• Maureen Little

Remembering Funchal

It’s amazing the sort of snippets of information you pick up along the long and winding road of horticultural life. No, I’m not going all philosophical on you, and I’m also not going to give you a list of things that, once I’ve told you, you’ll wish I hadn’t! The only piece of, arguably useless, information I would like to share with you now is to do with fennel.

When I visited Madeira for the first time a few years ago, I went on the obligatory ‘round the island’ trip, starting and finishing in Funchal, the island capital. The first thing I learned about that fascinating island is that Funchal was so named because of the abundance of wild fennel growing in the vicinity. Apparently, the Portuguese for fennel is funcho; take the o away and add –al and we have ‘a plantation of fennel’.

Now you may wonder what this has to do with growing fennel here in the UK. The point I want to make is that, as with just about every other type of plant, if you can replicate the conditions, in both soil and climate that it has in its ‘wild’ surroundings, then the chances are that your attempts at growing it will be successful. So, if you can provide your fennel with Madeira-type conditions during our domestic growing season then your crop will not only survive, it will, hopefully, thrive.

In a nutshell, fennel needs evenly moist, but not waterlogged, rich, fertile soil and warmth – just like in Madeira. This applies to both types of fennel that we are familiar with in the UK: the herb fennel, Foeniculum vulgare, and the vegetable that is known as Florence fennel, Foeniculum vulgare var. dulce. It’s the latter that I’m focussing on here.

Florence fennel is grown for its swollen, bulb-like, leaf bases. This variation came about by selecting and re-selecting species fennel so that eventually a bigger, tastier ‘bulb’ developed. Florence fennel has been grown and eaten in Mediterranean countries, and especially Italy (hence the ‘Florence’ bit) for centuries. In England we have known about this type of fennel for about two hundred years, and during that time it has never really caught on. Perhaps this is because of its strong aniseed flavour which many loathe, but others love.

Fennel can be a bit of a diva in the veg plot. If things aren’t exactly to its liking it will throw a tantrum, turn its nose up and swiftly run to seed. Apart from summer warmth, which, alas, we gardeners have little control over, it is as well to try to provide it with the other conditions it enjoys most; that way it will be happy. As I said earlier, fennel needs soil which is fertile, moisture retentive but not too soggy. It also requires uniform moisture, so you should never allow the soil to dry out: if lack of rain threatens, make sure your fennel is at the top of your watering list.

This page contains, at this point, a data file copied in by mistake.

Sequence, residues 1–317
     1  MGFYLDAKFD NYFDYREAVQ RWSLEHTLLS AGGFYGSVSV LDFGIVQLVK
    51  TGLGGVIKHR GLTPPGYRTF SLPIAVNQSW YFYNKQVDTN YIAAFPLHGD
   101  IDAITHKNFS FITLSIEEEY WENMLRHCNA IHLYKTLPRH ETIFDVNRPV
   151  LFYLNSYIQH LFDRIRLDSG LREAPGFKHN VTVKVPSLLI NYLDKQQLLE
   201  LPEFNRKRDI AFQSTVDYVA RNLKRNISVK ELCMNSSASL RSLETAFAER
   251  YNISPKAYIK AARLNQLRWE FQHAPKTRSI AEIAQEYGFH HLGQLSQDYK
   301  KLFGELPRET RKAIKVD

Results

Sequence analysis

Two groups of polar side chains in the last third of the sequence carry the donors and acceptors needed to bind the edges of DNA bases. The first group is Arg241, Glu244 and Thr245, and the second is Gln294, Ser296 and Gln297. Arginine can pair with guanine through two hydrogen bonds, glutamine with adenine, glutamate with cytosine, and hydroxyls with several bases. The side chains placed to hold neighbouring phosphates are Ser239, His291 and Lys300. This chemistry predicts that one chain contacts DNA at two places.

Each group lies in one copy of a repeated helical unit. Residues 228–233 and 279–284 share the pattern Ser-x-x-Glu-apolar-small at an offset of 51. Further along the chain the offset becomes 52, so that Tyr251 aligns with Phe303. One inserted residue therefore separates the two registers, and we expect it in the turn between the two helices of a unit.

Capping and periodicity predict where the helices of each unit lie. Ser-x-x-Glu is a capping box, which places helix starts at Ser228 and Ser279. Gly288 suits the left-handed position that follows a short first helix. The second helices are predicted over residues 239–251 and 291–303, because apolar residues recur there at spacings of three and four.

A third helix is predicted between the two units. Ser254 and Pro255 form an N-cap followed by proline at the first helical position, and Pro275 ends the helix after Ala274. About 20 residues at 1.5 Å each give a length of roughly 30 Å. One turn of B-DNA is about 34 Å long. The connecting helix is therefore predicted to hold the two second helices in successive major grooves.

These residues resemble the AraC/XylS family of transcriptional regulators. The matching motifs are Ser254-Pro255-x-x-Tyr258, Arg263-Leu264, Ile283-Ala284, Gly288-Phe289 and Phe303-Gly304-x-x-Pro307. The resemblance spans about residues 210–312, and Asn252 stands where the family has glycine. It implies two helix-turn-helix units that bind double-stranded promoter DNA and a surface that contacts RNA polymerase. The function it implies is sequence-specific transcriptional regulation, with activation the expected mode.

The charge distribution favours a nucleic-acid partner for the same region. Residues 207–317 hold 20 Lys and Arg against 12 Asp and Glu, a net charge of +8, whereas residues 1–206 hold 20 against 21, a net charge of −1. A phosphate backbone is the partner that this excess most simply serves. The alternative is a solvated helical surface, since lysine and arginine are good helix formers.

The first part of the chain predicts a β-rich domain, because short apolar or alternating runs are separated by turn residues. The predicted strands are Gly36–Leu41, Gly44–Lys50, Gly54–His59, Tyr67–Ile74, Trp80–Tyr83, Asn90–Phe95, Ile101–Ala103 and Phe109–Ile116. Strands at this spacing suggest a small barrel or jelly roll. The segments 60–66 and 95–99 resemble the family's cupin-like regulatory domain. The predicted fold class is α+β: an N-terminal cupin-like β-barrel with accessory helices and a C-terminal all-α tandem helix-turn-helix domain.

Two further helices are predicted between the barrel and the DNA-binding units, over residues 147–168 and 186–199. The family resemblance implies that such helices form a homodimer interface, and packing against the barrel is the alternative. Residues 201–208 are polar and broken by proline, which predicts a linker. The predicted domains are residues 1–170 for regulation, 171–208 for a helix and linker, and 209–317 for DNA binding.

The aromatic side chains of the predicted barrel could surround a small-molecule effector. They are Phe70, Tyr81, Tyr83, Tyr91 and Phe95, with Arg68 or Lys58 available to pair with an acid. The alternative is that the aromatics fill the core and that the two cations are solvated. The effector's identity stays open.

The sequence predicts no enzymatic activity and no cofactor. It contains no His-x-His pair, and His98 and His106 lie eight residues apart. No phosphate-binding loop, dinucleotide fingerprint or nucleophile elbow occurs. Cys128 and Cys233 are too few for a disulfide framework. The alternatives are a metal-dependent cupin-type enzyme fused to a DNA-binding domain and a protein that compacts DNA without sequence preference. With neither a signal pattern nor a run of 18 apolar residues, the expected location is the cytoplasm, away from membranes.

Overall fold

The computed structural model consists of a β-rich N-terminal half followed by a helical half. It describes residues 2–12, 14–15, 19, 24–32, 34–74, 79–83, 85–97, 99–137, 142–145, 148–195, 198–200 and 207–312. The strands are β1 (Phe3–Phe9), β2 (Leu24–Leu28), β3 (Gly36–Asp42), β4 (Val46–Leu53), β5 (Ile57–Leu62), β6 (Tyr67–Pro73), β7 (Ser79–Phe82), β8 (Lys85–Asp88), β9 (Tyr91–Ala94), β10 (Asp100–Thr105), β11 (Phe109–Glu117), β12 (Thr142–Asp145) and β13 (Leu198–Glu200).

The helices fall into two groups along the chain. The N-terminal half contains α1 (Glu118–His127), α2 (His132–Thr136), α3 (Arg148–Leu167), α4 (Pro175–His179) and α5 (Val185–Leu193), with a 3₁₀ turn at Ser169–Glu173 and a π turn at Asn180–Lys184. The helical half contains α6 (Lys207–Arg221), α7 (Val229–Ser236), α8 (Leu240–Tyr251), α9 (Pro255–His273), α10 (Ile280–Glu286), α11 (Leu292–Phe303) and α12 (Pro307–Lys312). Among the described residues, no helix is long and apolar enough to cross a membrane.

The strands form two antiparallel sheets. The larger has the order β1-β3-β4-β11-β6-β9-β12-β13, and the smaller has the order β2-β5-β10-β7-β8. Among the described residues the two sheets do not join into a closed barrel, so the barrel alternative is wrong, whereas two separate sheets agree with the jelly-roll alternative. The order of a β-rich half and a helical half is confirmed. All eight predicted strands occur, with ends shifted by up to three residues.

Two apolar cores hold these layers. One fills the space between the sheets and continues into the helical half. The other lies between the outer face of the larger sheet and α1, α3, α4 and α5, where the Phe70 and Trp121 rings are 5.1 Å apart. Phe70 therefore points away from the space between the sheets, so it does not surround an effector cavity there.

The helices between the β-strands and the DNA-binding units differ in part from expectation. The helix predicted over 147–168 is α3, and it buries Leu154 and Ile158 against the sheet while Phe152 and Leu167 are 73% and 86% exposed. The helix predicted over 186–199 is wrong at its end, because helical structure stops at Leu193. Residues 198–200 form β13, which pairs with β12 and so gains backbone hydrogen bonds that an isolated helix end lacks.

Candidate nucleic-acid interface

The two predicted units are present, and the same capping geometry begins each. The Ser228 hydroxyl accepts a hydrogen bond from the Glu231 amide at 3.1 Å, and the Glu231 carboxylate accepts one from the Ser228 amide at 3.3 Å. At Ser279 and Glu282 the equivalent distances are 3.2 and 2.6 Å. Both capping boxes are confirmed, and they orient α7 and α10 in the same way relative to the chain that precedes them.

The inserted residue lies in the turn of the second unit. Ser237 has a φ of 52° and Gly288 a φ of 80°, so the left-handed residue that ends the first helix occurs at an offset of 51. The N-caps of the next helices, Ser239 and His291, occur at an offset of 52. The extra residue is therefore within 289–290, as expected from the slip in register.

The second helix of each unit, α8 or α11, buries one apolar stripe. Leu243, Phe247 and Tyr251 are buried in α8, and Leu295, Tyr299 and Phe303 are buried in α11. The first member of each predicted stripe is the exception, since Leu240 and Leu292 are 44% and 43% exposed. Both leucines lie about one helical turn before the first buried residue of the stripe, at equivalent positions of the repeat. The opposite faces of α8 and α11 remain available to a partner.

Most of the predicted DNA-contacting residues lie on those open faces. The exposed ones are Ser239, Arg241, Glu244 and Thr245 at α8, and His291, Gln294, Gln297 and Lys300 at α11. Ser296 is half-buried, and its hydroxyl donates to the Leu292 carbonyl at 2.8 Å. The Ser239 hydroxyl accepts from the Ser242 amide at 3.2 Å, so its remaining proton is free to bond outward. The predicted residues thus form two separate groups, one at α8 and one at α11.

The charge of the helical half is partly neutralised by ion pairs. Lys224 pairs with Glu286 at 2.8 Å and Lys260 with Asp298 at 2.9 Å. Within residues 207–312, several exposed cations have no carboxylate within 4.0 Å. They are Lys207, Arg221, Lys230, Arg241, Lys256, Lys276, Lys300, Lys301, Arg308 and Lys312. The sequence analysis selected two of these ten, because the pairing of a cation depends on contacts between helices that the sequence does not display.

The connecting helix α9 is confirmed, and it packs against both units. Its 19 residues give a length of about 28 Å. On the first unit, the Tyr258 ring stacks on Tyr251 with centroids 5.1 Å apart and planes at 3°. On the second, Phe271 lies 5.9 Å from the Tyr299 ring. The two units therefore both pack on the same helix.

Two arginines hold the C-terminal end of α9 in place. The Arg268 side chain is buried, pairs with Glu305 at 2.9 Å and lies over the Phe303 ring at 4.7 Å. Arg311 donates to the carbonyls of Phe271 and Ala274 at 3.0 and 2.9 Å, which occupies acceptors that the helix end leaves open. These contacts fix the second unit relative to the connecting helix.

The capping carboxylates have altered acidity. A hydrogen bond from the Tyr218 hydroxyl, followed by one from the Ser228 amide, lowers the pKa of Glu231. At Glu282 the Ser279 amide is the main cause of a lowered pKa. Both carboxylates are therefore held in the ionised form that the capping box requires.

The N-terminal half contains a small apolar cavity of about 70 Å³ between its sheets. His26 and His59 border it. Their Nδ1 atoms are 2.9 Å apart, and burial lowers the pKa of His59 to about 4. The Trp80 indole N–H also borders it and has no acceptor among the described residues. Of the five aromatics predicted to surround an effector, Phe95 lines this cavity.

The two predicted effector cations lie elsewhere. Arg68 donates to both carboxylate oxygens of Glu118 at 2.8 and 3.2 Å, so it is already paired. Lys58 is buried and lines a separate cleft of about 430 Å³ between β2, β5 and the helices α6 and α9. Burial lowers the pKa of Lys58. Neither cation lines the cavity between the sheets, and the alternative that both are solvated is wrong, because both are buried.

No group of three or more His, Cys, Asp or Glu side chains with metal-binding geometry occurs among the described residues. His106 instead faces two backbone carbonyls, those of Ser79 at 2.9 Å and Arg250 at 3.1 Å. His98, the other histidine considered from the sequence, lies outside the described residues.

Fennel won’t tolerate root disturbance either. See what I mean about being a prima ballerina? The best way to ensure as little root disturbance as possible when growing your fennel plants is to sow the seed in individual modules and to plant them out as soon as the roots fill the container, hardening them off before you do so. Timing is of the utmost importance here. There is no point sowing the seeds too early, because you won’t be able to plant them out until all danger of frost has gone and the soil has had a chance to warm up a bit.

Fennel is also quite sensitive to day length, as reflected in light levels. I speak from experience: more than one early sowing has bolted and flowered prematurely because I’ve ‘jumped the gun’, as it were. If your fennel does bolt and starts flowering, there is no point in trying to salvage it: the stems will always be tough. If you are feeling in a generous mood at the time, though, you can leave a couple of flowering plants for beneficial insects: fennel flowers provide excellent sustenance for a number of pollinators.

Alternatively, you can sow your fennel seeds outdoors, from May onwards, depending on the weather. I have found the best way to do this is to ‘station’ sow, sowing three seeds together, about 1.5mm deep, at 30cm intervals and then thinning each ‘station’ to leave the strongest seedling. You should make sure that you space your rows about 30cm apart.